Over half of UK businesses (of all sizes) reported a cyber breach or attack in 2019, according to research conducted by the insurance firm, Hiscox, and reported by the BBC.
These figures are somewhat higher than the government's survey figures, published slightly earlier in 2019, which found that around a third of businesses were suffering cyber attacks, with the most common attacks being phishing, impersonation of others on email, and malware.
Malware – short for ‘malicious software’ is often at the root of any cybercrime. Our guide covers this in more detail below. Malware is used in different ways. While in some cases, it can simply be designed to cause disruption or chaos, most often, it’s used by criminals who want to steal valuable data.
There are 3 main ways cyber criminals attempt to steal confidential data: by phishing, vishing, and smishing. We turned to Ankura's Rob Jones for help explaining these 3 crimes, as well as malware. Rob shared this expert advice on what you should look out for and what you can do about them.
Phishing is where cyber criminals trick people via email into providing them with confidential information. They do this by pretending to be a business that the recipient would be likely to trust.
For example, they may send an email pretending to be your bank who needs your passwords, or pretending to be an ecommerce store asking for you to update your payment details.
Phishing emails may also contain attachments that, when clicked on, adds something on to the user’s computer that then copies their confidential data. This is known as ‘malware phishing’.
As a rule, don’t click on any links or open any attachments that are sent via email, unless you are 100% certain that the sender is genuine.
If you're not sure, look up the sender's name and email address on the internet before you open anything from them.
Also look them up by adding the word 'scam' to your search terms. This may be helpful in uncovering reported fraud from others about this sender; although just because you cannot find anything on them, does not mean that this they are a legitimate source.
Only visit websites you know to be reputable.
Another form of phishing is known as ‘pharming’, which is where the user is redirected to a fraudulent website or web-based service, where they unsuspectingly give their details to a scammer masquerading as a company they know and trust.
What to look out for
Check if the email address is exactly the same as the one that has contacted you before. Take a look at the wording of the email itself, including its subject-heading – are there any very specific personal details?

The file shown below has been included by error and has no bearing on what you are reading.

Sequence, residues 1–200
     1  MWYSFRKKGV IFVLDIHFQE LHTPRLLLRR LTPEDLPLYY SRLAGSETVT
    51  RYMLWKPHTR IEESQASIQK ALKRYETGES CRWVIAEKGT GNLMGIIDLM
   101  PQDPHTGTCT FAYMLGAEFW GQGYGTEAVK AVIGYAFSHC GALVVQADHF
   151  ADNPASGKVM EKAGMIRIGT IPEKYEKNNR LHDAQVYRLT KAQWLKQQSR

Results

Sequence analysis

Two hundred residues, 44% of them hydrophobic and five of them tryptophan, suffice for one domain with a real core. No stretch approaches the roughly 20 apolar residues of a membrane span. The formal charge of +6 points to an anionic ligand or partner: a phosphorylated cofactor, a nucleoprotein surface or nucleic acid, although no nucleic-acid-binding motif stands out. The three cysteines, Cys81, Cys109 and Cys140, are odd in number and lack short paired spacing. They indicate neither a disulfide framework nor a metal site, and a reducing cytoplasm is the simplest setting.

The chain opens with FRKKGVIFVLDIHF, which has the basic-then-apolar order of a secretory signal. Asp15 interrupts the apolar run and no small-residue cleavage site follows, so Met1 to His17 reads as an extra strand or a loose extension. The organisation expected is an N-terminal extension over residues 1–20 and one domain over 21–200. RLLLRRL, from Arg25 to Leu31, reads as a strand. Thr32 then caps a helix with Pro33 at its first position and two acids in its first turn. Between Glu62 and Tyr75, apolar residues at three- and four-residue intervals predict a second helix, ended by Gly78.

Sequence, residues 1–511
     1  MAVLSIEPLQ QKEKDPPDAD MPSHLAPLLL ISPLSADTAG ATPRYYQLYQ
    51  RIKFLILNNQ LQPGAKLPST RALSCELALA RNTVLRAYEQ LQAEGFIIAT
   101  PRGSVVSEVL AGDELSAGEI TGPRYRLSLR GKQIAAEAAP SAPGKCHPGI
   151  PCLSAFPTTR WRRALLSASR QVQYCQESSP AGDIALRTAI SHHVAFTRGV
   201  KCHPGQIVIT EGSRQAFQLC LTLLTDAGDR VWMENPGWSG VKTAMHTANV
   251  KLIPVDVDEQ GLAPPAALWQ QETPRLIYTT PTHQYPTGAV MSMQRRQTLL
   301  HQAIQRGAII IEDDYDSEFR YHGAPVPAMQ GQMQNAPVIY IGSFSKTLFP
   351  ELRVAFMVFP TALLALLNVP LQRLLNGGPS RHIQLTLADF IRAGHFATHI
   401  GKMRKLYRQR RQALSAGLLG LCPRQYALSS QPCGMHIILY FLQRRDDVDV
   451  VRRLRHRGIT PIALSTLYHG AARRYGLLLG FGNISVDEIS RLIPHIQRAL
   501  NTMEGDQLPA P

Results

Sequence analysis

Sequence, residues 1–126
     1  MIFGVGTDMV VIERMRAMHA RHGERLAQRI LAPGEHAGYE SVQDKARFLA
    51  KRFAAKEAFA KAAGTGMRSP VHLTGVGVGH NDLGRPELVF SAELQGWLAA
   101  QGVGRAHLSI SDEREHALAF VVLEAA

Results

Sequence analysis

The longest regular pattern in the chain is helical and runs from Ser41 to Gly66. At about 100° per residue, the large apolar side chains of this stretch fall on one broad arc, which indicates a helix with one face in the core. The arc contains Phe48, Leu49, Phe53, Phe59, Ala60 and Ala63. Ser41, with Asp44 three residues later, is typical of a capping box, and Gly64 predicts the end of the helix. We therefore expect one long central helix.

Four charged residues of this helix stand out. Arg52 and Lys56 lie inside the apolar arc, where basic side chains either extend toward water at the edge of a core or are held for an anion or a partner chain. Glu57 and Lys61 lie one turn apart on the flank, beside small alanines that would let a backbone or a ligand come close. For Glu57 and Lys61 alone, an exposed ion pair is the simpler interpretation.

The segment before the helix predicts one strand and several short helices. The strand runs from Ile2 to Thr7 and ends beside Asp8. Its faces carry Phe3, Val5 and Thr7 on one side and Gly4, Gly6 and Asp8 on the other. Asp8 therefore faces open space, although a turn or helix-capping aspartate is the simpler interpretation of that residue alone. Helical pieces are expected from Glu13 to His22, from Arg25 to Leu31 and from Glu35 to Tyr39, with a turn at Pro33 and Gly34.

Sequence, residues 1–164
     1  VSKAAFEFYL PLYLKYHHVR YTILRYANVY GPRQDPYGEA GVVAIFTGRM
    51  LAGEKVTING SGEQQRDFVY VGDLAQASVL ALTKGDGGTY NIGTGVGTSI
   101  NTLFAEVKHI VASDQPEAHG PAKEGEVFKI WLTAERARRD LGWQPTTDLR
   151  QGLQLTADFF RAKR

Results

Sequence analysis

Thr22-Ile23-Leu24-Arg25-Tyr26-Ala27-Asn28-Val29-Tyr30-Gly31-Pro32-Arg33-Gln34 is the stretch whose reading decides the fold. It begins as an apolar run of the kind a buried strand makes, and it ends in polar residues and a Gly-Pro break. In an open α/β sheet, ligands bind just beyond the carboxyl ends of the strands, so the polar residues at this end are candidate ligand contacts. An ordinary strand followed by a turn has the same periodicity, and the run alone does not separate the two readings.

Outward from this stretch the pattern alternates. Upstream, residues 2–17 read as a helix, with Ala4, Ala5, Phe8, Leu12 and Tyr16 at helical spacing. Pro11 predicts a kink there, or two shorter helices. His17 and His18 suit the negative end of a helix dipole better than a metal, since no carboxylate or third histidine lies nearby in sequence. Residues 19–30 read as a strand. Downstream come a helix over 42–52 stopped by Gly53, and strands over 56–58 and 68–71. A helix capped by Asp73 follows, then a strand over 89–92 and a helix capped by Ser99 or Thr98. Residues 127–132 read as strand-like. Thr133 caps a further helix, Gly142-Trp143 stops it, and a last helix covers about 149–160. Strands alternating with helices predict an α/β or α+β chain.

For example, genuine emails are likely to include details such as your account/customer reference number. They are also less likely to greet you by your full name.
Also, is the tone particularly over the top? For example, uppercase letters throughout, multiple exclamation marks, words like ‘urgent’?
And take a look at their logo – does it look different to the one you’re familiar with, or is it a low-quality, blurry image? Poor spelling and odd sentence structure should also arouse your suspicion.
These details are often a giveaway sign of the email not being from a genuine company.
If you see a button or hyperlink asking you to verify your details or update your account, or an attachment, be wary – these links may be malware.
And if you think you’ve been a victim of fraud, contact your bank immediately.
This is similar to phishing – but rather than fraudulently using email to gain confidential information, the telephone is used instead.
Here, criminals phone people under the guise of a company that’s trusted (e.g. their bank or utility company) and ask them to provide their confidential details – even details like PIN numbers, which even banks aren’t actually allowed to ask for.
What to look out for
Is the number you’re being called from listed on the company’s website? If not, it could be that the caller isn’t genuine.
If you’re asked to provide confidential information over the phone by someone who has called you, simply end the call without giving any information. Call the number listed on the company’s website to report the call and confirm whether it was genuine.
If you were right to be suspicious, the company can then take steps to help prevent these criminals from carrying on this activity.
Smishing is like phishing and vishing – but rather than using emails or phone calls, text messages are used instead.
This typically happens in one of two ways: either the text message asks you to phone a number and then you’re asked to give details over the phone, or the text message asks you to visit a website that’s designed to put a virus on to the phone or computer you visit the website from.
What to look out for
Similar to phishing, pay attention to the tone of the text message. It’s very unlikely that a genuine company would use unnecessary uppercase letters or numerous exclamation marks to mark something as urgent.
In addition, double-check whether you have ever given your mobile number to the company that the message is claiming to be from.
It’s a good idea to delete the text from your phone and to contact the company by the phone number on their website to report what has happened.
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